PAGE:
Quoted: CorpComms Magazine ‘Why employees now rule’

In this article Andrew Cave considers why the old top-down command and control doesn’t work anymore.

Andrew starts with the observation that “Ten years ago, some WAGs probably saw employee engagement as denoting the number of workers with rings on their fingers. Now it is one of the most popular buzzphrases in corporate communications, with 48 per cent of respondents in the survey CorpComms Magazine ran to commemorate our 100th issue saying this responsibility had fallen under their remit over the previous decade.”

Employee engagement is now top of corporate agendas.

Yet what does this latest piece of corporate jargon really mean?

Where did it come from, where is it going and what are the best method of actually achieving it?

The article shares the perspectives from the experts who have set the way, including Brenda McWilliams-Piatek, Managing Director of Brand and Communications at FedEx Europe, Stephen Duncan, Head of Employee Engagement EMEA at Weber Shandwick, Rachel Miller, All things IC, and our own Isabel Collins.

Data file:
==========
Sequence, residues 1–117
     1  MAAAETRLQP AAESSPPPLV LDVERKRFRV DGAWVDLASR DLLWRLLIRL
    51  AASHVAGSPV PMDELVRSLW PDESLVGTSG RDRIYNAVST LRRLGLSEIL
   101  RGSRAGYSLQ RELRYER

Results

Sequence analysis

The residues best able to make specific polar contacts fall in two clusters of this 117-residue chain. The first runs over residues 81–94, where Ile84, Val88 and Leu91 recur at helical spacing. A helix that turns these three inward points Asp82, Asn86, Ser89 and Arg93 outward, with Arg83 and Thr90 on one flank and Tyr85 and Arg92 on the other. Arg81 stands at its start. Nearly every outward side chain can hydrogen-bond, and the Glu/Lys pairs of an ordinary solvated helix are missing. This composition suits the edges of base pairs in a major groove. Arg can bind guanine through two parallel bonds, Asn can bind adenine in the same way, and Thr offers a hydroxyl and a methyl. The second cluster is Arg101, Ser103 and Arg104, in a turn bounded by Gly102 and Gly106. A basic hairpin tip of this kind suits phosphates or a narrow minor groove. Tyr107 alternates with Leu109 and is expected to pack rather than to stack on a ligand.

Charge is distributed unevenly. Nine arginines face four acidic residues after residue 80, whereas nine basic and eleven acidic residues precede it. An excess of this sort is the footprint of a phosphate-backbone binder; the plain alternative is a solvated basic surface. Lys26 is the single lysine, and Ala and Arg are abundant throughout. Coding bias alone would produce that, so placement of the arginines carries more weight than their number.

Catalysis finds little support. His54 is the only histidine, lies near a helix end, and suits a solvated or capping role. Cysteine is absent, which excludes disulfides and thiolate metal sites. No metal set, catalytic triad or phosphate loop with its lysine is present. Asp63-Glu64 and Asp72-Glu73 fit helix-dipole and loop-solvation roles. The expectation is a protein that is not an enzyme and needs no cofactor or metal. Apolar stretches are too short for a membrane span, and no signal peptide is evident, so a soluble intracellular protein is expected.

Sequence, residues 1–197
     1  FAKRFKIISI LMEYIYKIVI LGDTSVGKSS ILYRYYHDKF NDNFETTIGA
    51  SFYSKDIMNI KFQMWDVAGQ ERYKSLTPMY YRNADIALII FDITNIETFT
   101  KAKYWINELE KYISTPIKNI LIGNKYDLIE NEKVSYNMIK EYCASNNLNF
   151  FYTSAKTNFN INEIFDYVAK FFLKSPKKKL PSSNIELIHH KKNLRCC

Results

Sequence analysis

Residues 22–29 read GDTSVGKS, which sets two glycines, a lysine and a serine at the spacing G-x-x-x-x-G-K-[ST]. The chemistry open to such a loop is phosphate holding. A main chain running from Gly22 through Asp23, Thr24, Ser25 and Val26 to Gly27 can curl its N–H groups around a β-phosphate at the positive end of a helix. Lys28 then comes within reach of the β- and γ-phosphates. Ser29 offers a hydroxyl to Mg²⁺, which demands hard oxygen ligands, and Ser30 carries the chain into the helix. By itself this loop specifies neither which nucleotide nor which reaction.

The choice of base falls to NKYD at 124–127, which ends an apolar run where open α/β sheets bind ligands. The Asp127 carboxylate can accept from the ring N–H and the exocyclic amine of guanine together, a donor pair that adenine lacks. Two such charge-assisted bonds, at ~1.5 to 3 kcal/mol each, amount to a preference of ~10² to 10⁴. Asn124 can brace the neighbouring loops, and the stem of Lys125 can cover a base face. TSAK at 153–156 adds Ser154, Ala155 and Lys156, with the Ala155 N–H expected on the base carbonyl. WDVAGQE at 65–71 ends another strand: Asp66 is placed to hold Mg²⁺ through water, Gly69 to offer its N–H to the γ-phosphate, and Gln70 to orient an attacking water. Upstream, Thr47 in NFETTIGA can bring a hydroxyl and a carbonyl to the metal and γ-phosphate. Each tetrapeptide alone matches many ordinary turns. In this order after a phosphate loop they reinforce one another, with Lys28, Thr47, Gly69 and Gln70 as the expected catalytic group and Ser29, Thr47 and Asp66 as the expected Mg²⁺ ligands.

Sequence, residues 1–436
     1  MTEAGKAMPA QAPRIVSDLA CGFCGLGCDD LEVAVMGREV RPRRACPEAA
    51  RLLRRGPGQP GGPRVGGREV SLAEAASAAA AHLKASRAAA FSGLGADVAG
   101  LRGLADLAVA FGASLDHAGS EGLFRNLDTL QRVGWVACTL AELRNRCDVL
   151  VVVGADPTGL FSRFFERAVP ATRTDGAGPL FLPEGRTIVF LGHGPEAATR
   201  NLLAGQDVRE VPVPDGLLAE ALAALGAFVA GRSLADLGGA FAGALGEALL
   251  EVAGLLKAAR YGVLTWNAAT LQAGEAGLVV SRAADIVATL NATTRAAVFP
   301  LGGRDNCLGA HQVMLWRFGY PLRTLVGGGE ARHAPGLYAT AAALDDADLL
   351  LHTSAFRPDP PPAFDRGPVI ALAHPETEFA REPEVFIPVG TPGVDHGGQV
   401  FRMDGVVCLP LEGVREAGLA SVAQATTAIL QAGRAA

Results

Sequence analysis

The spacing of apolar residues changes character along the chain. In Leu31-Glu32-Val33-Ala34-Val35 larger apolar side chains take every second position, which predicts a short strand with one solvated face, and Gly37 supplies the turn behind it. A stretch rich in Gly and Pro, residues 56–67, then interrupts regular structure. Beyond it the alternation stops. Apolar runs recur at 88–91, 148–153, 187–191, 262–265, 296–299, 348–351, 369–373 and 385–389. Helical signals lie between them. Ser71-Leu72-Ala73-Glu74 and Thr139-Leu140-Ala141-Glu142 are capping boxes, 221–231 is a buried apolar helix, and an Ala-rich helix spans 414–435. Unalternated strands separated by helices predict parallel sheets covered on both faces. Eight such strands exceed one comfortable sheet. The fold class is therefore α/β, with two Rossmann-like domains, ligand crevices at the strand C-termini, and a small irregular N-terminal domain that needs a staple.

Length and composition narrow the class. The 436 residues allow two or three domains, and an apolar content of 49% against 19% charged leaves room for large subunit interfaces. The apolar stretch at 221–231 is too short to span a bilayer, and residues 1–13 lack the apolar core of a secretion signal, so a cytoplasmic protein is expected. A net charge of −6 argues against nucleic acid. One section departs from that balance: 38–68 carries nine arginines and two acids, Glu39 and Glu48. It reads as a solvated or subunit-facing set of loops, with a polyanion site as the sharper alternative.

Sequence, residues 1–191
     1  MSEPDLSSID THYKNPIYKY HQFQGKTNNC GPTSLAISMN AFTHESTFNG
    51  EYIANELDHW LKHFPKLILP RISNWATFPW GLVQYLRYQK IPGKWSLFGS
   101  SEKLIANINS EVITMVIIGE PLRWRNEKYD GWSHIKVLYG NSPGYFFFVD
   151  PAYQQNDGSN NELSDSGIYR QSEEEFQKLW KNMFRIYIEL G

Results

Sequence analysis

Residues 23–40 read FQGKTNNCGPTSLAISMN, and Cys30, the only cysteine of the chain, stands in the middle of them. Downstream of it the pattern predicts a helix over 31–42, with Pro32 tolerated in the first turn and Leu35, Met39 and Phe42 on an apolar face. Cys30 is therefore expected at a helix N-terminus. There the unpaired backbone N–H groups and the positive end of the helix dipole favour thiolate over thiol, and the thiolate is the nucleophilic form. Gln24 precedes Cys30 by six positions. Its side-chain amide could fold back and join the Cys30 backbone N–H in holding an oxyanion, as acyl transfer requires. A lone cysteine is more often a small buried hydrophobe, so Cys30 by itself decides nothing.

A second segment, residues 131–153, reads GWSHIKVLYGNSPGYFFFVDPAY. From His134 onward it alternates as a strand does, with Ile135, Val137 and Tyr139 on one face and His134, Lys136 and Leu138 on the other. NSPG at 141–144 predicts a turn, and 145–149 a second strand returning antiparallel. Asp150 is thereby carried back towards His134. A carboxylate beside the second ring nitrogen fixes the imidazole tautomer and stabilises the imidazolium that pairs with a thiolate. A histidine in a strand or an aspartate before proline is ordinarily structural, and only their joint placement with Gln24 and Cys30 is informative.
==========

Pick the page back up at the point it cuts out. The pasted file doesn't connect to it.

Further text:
“Isabel Collins, Founder of consultancy Belonging Space, sees the emphasis moving to culture, values and a sense of belonging. ‘Belonging is the 21st Century challenge and the reason that culture can make or break a business,’ she says. ‘A lot of the corporate challenges that come up are very much related to what people feel they belong to. Culture informs devision-making at an intuitive level. People make decisions in certain ways because it’s how they do things.

‘It’s a problem with integrating mergers and acquisitions and also with silos within organisations. Humans identify with small groups that appear to be similar to us but what we struggle doing is belonging to several tribes at one time. 21st Century life and business requires us to do that.’

What there’s consensus about is that employee engagement is far from easy.”

You can see the full article at the link below
http://www.corpcommsmagazine.co.uk/features/3933-why-employees-now-rule